The key metrics are in the table ” Likelihood to purchase on Amazon in month.” Amazon Prime members visit 3 + more times per month and their purchase propensity is 4 + times higher than non-Prime shoppers. One should not conclude that the higher cross shopping numbers for Amazon Prime members is a negative thing. Amazon Prime members are shoppers period.

Lesson learned for competing retailers: develop customer intimacy and your customers’ solve problems better than anyone else.

David Biernbaum
Guest
9 years 28 days ago

Prime membership generates a very significant loyalty for Amazon. The $79 one-time per year fee works well psychologically, even when not so much, economically.

Consumers feel that they have joined a club, or made a one-time investment, and therefore they feel that the shipments are “free.”

Consumers hate shipping fees so Amazon Prime makes shipping fees a consumer “issue” just once, if even then, for the once-each-year fee.

The one downside of Amazon Prime for most consumers is that there are still so many products not offered on “Prime.”

Paula Rosenblum
Guest
9 years 28 days ago

For me, Prime is like crack. I always start with Amazon. I will still VISIT other sites, just to confirm I’m not overpaying by much, but as long as the prices all-in are close, I’m going with Prime, because Amazon is so insanely fast. No one else comes close.

In fact, I had a surprising experience the other day. I’m generally a pure B&N eBook person, partly because I had a Nook (I’ve moved on to iPad). But for some reason, this one time, I went to Amazon first to look for a book—since I have the Kindle reader app. I then went to B&N and discovered Amazon was $3 cheaper. On an $11 book that’s real money. It appeared I got that price because I’m “Prime.”

What can other retailers learn? Loyalty is earned in a variety of ways…insanely quick free shipping (vs. the slow boat from China) is a big part of that loyalty.

Nikki Baird
Guest
Nikki Baird
9 years 28 days ago
Well, I can certainly speak to my own personal experience. My husband worked for the University of Colorado for several years, and with that came a .edu email address—and free membership to Prime. When he left the university, we had all of a week before we looked at each other and said, “We need to buy Prime.” All of those annoying monthly trips are taken care of with subscription services, my kids hardly watch TV any longer thanks to Instant Play, and there is hardly a time when we’re buying something that we don’t stop and say, “Wait. Have we checked Amazon?” And don’t forget that if you have a Kindle and you’re Prime, you get hundreds of thousands of books for free too, from Amazon’s lending library. I do all of this knowing that it drives my store-based retail friends absolutely mad. Sometimes I even feel like I’m betraying my own kind. And yet… Half the reason Prime works is because of things most other retailers can’t compete with—like the digital side of things.… Read more »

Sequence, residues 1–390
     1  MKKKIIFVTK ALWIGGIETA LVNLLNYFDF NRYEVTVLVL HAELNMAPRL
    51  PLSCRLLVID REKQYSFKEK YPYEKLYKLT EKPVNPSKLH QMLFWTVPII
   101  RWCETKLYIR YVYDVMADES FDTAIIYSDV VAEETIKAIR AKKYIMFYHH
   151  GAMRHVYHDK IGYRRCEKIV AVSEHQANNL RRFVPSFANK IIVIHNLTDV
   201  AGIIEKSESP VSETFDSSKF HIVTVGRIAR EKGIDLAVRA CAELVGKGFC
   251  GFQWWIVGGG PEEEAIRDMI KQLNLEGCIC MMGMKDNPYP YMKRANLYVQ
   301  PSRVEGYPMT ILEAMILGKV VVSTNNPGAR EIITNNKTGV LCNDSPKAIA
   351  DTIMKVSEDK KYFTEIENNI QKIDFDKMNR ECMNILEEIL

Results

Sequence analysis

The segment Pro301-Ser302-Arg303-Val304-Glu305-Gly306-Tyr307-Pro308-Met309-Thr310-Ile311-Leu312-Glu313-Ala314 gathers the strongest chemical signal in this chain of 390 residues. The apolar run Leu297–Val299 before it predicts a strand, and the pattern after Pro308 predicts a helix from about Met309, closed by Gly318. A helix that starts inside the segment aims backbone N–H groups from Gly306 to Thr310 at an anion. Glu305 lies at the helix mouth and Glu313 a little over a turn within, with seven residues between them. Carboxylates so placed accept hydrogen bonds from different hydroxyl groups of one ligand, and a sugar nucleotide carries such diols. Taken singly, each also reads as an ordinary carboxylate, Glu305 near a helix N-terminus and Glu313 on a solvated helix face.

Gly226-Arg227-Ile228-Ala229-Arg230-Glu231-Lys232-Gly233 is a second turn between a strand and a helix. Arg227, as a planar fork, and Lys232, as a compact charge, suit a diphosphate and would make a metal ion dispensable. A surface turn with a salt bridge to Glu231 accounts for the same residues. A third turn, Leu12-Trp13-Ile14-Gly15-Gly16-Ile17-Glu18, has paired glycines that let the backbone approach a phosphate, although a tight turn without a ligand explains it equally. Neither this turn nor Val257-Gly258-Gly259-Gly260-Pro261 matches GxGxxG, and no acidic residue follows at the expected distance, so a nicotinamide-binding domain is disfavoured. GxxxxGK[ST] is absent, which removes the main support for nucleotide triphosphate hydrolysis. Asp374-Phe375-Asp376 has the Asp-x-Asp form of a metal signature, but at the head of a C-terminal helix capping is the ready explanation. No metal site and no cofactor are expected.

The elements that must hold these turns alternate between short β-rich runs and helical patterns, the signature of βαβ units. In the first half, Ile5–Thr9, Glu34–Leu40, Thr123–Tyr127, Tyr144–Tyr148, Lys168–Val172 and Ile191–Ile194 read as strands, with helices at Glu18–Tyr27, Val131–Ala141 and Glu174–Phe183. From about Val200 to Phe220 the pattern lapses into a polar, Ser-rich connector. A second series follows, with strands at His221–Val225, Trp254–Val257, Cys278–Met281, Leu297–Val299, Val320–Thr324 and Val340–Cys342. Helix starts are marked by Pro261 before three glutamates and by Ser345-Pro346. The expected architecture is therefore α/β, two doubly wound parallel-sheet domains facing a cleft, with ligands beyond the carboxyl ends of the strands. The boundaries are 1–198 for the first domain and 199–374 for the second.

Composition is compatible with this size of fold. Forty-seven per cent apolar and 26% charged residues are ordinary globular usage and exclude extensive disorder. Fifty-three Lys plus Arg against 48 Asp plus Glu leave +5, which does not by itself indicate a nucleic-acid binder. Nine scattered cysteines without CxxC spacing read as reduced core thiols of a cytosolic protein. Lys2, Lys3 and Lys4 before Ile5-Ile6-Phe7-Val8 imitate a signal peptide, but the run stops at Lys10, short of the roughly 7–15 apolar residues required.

Steve Montgomery
Guest
9 years 28 days ago

Many of Prime’s members were likely loyal Amazon customers before they purchased a Prime membership. What joining Prime did is provide them a reason to become more exclusive.

It removed the shipping cost barrier and provided a rationale as others have pointed out similar to joining BJ’s, SAM’s, or Costco. I have already paid the entry fee, I might as well use it. For this to be effective for them, other retailers would have to offer frequently purchased relatively low cost items.

Cathy Hotka
Guest
9 years 28 days ago

Amazon’s very smart move was to offer Prime free to students. After four years of enjoying free shipping and added perks like video downloads, Amazon’s younger clientele is seemingly in for life, much as McDonald’s has trained small kids to crave a Happy Meal toy. It’s not hard to imagine how other retailers could create this kind of relevance…but will they be willing to?

Rick Harris
Guest
Rick Harris
9 years 28 days ago

I’d like to add a UK perspective here. Amazon.co.uk offers a similar Prime membership, albeit without the video-streaming feature. Amazon UK Prime offers next-day delivery which is very compelling, especially in the UK where free shipping is far less common than in the US, and typically comes with a minimum purchase of £30.

However, contacts within my network at Amazon tell me that Prime members spend quite a bit less per transaction than non-members (in the order 40% less). It was felt that this was as a result of member attitude that there was ‘no need to build a basket’ and so members rarely added a 2nd item before checkout. Due to this, they were considering changing the terms to offer a lower-cost option which would bundle free shipping goods into a weekly delivery. To date though, this has not been piloted.

What do people think of this idea? Would it have the desired effect of reducing 1-item shipments?

Doug Fleener
Guest
9 years 28 days ago

I became a Prime member to save on shipping, but frankly stayed because of convenience and dependability. While I do my best to shop local, there are many staples and other products that you can’t beat the price and selection from Amazon.

Because Amazon sells so many products and such great prices, I can’t imagine that I would sign up for a Prime membership with other retailers. So while others might consider doing a Prime approach themselves, the challenge will be to offer something that would move satisfied customers like myself to join.

Kurt Seemar
Guest